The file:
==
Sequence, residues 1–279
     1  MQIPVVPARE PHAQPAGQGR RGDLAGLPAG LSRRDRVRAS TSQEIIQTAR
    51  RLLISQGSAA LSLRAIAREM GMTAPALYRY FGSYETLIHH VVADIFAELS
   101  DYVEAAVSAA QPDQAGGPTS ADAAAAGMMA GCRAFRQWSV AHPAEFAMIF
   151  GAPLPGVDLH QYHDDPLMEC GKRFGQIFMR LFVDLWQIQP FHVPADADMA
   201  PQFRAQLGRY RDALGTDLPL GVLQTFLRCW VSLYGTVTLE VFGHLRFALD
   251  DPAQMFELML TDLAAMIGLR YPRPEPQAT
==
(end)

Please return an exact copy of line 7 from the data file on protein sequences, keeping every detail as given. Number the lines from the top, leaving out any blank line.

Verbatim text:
   251  DPAQMFELML TDLAAMIGLR YPRPEPQAT